Let’s Make a Deal
There was a hitch, however. Adult aplomados are ferociously territorial, Montoya explains. Paired birds whose territories encompassed hack sites terrorized the younger birds, creating a constant need for new sites. “Our plan called for releasing 100 aplomados a year for 10 years in multiple sites to really get the species established,” he says. “The refuges could hold fewer than a dozen pairs.” An infectious disease or even a single killer storm could wipe out the whole population.
More habitat was crucial, but the grasslands of southern Texas belonged to ranchers. The Peregrine Fund’s Pete Jenny began knocking on doors. Ranchers listened politely to his request—and declined. The project was stalled.
Then a U.S. Fish and Wildlife Service refuge manager told Jenny an interesting story. An ingenious new legal compromise reconciling the needs of landowners and rare wildlife had been devised on behalf of an endangered southern insectivore—the red-cockaded woodpecker.
“What difference does the loss of a single species make?” critics of conservation are apt to say. In the case of the red-cockaded woodpecker, the answer is clear. Unique among North American woodpeckers, these birds chip nesting cavities in live pines, creating homes for dozens of pineland animals, from tree frogs to screech-owls. At the time of European settlement as many as four million red-cockaded woodpeckers lived in roughly 90 million acres of mature, fire-maintained pine forests, ecologists estimate. Only slivers of that forest persist, many in even-aged stands with dense understories, ill-suited to red-cockaded woodpeckers. Listed in 1973, the birds pecked along in relative obscurity, declining in population year after year. Then, in 1990, the northern spotted owl was listed. The resulting shock waves jolted the Southeast.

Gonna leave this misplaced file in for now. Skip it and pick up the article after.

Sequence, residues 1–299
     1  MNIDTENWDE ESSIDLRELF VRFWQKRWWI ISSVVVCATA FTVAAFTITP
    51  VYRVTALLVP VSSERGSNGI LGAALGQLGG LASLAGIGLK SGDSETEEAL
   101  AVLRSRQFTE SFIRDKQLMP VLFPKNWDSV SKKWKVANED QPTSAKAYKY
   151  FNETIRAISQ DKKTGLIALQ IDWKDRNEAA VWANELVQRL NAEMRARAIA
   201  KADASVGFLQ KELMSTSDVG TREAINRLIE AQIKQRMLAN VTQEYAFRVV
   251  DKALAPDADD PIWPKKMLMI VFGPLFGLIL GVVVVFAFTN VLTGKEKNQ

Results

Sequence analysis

“The timber industry and private property rights organizations thought that what could happen with owls in the Northwest could happen with woodpeckers in the Southeast,” says Ralph Costa, the former red-cockaded woodpecker recovery coordinator for the Fish and Wildlife Service. Timber-lot owners stopped clearing the forest understory and began preemptively logging immature trees, depriving themselves of top dollar and the woodpeckers of crucial habitat.
Michael Bean, a lawyer with Environmental Defense, was wrestling with the problem of preserving woodpeckers on public lands at that time, negotiating with the U.S. Army over birds at North Carolina’s Fort Bragg. The conflict intrigued him. “It was becoming increasingly clear that conserving wildlife will require the cooperation of private landowners,” Bean says. “Yet the Endangered Species Act does nothing to encourage conservation on private land.” It wields a cudgel, leveling fines as high as $50,000 for knowingly harming or killing listed species, and threatening landowners with a year in jail for destroying designated critical habitat if an endangered species is harmed or killed. But the act dangles no carrot, and there’s nothing in it to prevent landowners from simply letting habitat deteriorate to avoid land-use restrictions.
“The problem I came to appreciate was that a lot of private landowners had land that if maintained differently would provide better habitat for endangered species,” Bean explains. “But they were unwilling to make those improvements for fear their only reward would be more restrictions.”
In 1982 Congress authorized a legal compromise called a habitat conservation plan (HCP), which caught on in the early 1990s. This legislation lets a landowner who has developed a plan modify habitat and incidentally “take”—bureaucratese for remove or simply displace—endangered species on his or her land in the course of logging or other types of resource extraction or development, after first agreeing to mitigate for those impacts. But HCPs apply to land that’s already restricted by the presence of an endangered species. What about someone, say, whose maturing forest adjoins an area containing resident red-cockaded woodpeckers? Or has woodpeckers residing on part of his or her own property and has habitat for more? The temptation to preemptively log or even to just stop maintaining land in good condition would be a strong one.
Bean had an idea. “There’s a provision in the act that permits incidental take of individuals in order to enhance the probability of survival of an endangered species,” he says, “a provision that allows collection of individuals for captive breeding. But what if a private landowner were willing to restore habitat for an endangered species and maintain it for a long time? Wouldn’t that enhance the survival of the species?” Bean floated the idea to the North Carolina red-cockaded woodpecker working group. Dubbing this brainchild a safe harbor agreement, they hashed out a protocol they thought just might work.